ChristopherM October 10, 2012 at 9:38 am

Excellent comment Cameron – top to bottom. Thank you for that, sincerely.

Sometimes my own resistance to feed trolls struggles against a desire to just force feed a few of them until their sour bellies burst. I think I usually stay pretty disciplined about that, I don’t want to start getting off on that sort of hopeless trouble (it feels so inhumane too) — but even still, it sure warms my heart to see clear-spoken evidence that other folks at least smell the rot (sometimes subtle, sometimes not) once in a while. I’m too old to believe in overblown, unconvincing, simple, super-heroic, one-note myth-making about comforting absolutes and whatnot … to each their own, I guess. I think you were fair + humane enough about it. Well done, cheers:)

Donald Frazell October 10, 2012 at 5:44 pm

It is interesting how artistes love to laim there are “conversations” going on about art, when it is treally just the same ole Standard-ized mediocrity over and over, much ado about nothing. And so one must comment on such PC blinders that make art into the purse puppy it is now, instead of the guard dogg it is meant to be.
Defanged, neurtered, dumbed down, however you want to say it, art is now irrelevant. and so, one must speak up. Though most smart kids go intootherr subjects, not alot to talk about in art.
Well, there actually is, but the retrenched academics ahve made sure to make it as meaningless as possible, their only creative act, if castration is creative.
art collegia delenda est

In other words if you dont have a life and have nothing to say, well, then Callate!
Trolling for truth. Contempt art was stillborn,

Cameron Masters October 12, 2012 at 9:56 am

Donald. Your comments aren’t even remotely related to Will Brand’s article anymore — you just sound bitter and insecure and incoherent for no apparent reason. If you have such a problem with contemporary art, then keep making the kind of art that you like instead. En otras palabras, cállate usted.

Donald Frazell October 12, 2012 at 3:32 pm

Uh, yeah it is. Too bad they dont teach reading comprehension in art schools. I know they stopped teaching critical thinking, as my friend Sande Cohen quit Cal Arts because they wanted him to dumb it down, too hard for the tender artistes. We must be constructively self cirtical as artists, and weed out the bad. We got alot of gardening to do, so tend to your garden.

Academics have mistaken weeds for nutritious crops as they are so much easier to raise, takes no effort at all. The perfect scam, as the museo/academic/gallery complex is nothing but a ponzi scheme to separate naive your artistes from their daddies money.

Cameron Masters October 12, 2012 at 9:48 am

Thanks Christopher. I think it’s generally useless to engage people like that online, but it can be productive to provide a counter-argument for the sake of the balancing the thread out a bit. It’s too bad when the conversation veers off completely to some other unrelated point for no reason!

ChristopherM October 12, 2012 at 4:08 pm

Yep. And I’m someone who actually loves veering off. However, I try to keep my hands on the wheel and eyes on the road – more or less – as a favor to other drivers. I even read the article this time to be extra responsible.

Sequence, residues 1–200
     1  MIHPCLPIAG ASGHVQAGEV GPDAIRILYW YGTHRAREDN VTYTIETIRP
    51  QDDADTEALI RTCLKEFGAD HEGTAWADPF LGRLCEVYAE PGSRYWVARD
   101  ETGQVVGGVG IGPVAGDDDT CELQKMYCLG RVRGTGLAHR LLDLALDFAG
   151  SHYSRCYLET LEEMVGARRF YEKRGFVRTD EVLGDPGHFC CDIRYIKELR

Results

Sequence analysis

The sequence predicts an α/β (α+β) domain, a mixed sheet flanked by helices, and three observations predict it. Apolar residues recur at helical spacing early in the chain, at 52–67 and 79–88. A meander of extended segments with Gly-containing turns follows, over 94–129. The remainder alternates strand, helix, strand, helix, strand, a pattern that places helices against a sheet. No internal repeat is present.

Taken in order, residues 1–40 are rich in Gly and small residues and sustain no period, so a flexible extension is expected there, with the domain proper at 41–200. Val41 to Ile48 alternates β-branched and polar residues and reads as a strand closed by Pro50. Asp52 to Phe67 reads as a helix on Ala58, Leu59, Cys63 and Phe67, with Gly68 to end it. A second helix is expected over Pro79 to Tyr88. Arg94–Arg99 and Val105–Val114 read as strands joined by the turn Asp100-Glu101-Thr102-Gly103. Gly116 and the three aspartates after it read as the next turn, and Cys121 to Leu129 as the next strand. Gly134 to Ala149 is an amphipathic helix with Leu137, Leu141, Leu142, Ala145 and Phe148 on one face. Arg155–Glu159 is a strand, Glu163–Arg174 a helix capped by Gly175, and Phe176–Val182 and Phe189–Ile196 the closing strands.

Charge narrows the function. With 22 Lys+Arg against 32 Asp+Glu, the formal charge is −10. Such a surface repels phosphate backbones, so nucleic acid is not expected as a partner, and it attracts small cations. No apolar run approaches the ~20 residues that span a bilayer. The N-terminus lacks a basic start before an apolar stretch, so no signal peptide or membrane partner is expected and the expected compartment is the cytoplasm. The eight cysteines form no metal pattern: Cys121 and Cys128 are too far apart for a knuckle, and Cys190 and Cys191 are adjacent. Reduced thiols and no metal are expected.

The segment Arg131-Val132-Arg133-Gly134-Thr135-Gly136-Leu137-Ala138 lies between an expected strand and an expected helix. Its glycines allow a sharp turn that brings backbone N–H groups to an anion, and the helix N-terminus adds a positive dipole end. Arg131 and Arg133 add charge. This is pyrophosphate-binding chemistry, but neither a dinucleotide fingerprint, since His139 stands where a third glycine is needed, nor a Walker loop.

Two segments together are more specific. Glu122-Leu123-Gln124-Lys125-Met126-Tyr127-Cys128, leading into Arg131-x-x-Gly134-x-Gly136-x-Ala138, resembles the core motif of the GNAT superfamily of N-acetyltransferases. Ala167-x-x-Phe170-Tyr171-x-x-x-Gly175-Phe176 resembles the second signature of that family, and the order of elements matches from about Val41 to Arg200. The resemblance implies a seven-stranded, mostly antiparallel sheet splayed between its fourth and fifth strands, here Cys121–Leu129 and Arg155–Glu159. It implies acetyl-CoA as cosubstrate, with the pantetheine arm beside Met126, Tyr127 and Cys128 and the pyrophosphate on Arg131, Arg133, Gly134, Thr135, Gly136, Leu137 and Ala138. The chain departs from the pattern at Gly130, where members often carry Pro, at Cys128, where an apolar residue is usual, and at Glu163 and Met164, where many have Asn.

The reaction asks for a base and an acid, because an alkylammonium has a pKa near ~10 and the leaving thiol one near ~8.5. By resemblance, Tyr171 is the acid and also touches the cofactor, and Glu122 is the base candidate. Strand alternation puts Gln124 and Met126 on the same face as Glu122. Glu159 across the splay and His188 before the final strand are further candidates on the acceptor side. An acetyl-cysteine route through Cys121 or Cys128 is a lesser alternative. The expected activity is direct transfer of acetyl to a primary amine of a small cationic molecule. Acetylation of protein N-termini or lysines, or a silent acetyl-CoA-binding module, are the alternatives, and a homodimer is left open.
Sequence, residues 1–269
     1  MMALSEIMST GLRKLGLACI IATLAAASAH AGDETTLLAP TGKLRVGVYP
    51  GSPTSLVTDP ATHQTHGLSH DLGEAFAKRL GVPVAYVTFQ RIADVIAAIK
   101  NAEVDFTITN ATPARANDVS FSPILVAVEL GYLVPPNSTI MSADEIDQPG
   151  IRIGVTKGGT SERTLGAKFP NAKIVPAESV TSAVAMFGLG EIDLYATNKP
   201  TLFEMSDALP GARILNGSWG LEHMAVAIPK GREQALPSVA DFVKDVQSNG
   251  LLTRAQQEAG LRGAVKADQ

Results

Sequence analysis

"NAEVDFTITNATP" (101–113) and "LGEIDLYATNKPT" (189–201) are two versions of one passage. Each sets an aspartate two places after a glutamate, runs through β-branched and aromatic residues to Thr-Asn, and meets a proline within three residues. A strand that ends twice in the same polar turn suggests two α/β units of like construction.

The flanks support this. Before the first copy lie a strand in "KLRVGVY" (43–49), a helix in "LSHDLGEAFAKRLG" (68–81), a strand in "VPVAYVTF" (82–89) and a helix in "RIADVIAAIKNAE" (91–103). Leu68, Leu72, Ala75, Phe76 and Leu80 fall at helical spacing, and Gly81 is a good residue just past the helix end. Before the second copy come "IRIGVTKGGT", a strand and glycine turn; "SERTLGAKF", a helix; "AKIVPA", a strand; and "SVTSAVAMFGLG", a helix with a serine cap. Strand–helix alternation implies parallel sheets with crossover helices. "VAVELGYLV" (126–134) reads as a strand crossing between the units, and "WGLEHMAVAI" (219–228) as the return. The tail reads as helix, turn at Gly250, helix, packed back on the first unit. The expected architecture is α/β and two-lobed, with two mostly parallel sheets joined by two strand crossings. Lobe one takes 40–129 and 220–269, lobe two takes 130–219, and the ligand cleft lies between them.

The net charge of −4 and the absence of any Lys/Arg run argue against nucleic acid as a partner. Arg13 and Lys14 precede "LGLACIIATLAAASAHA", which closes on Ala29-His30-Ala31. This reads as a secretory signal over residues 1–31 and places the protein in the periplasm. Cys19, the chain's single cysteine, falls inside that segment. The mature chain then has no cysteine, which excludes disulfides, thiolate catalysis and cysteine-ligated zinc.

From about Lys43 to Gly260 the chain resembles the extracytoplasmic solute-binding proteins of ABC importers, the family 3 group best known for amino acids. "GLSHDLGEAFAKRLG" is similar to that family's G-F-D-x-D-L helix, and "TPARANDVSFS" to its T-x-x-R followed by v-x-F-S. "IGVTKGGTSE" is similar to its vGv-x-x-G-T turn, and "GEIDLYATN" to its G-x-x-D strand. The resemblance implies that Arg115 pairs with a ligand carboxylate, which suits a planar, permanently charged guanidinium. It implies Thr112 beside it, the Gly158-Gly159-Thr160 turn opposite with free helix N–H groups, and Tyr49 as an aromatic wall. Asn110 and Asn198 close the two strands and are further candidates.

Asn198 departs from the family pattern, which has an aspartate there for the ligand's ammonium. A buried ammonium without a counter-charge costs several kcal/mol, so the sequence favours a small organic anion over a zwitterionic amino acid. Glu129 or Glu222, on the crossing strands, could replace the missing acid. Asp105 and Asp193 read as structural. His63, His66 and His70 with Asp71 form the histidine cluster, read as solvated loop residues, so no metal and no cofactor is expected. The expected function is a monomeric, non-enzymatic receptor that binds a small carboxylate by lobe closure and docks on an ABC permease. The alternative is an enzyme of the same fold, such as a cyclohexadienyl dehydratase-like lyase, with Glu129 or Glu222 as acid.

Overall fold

Donald Frazell October 12, 2012 at 6:24 pm

Yeah, so true, especiailly those who dont read articles and then accuse others because of their own myopia.

art collegia delenda est

Cameron Masters October 12, 2012 at 6:45 pm

The article was about whether or not critics’ negative reviews were a valid or useful approach to criticism (a fact that you seem entirely unaware of, as you have yet to make a coherent comment in regards to it). YOU don’t have any reading comprehension.

I’m not here to talk about Sande Cohen. I didn’t go to CalArts. Frankly I’m also not here to argue with you about absolutely nothing.

Hugh Bellas October 15, 2012 at 12:33 pm

What’s the Point of a Bad Review?
That’s the point of This article.
That the artworld is as bad as Hollywood with aszkzzn and PC PR is obvious to all with balance and a real life.

The artscene is about career, providing games, toys and therapy for the nouveau riche, and of course parties, not art at all. Has been for 50 years since the Academic world was reborn like the undead it always has been.

I simply pointed the obvious out, duh. negative reviews serve to set the bar high, as much as positive. for every action, there is an opposite and equal reaction. Both must be used to promote creative art, not the Contempt art world of the effete pseudo intellectuals.

Cameron Masters October 15, 2012 at 7:26 pm

Oh, hi again Donald. I see you’re still crusading against the EEEVIL CONTEMPORARY ART WORLD, or Hollywood, or the English language, or something. I’m sure your insightful comments will help usher in a mystical, pure world of un-contemporary art and that we will all live in harmony together and Ultimate Truth will be restored across the globe, and stuff. I’m so glad you chose to share your knowledge to the nouveau-riche effete pseudo intellectuals, naive artistes, and retrenched academics that read the comments on Artfagcity articles.

Donald Frazell October 16, 2012 at 4:15 pm

You’re welcome. Obviously needed for the artscene, the rest of us know it all too well.

ChristopherM October 12, 2012 at 11:23 pm

especially those ones!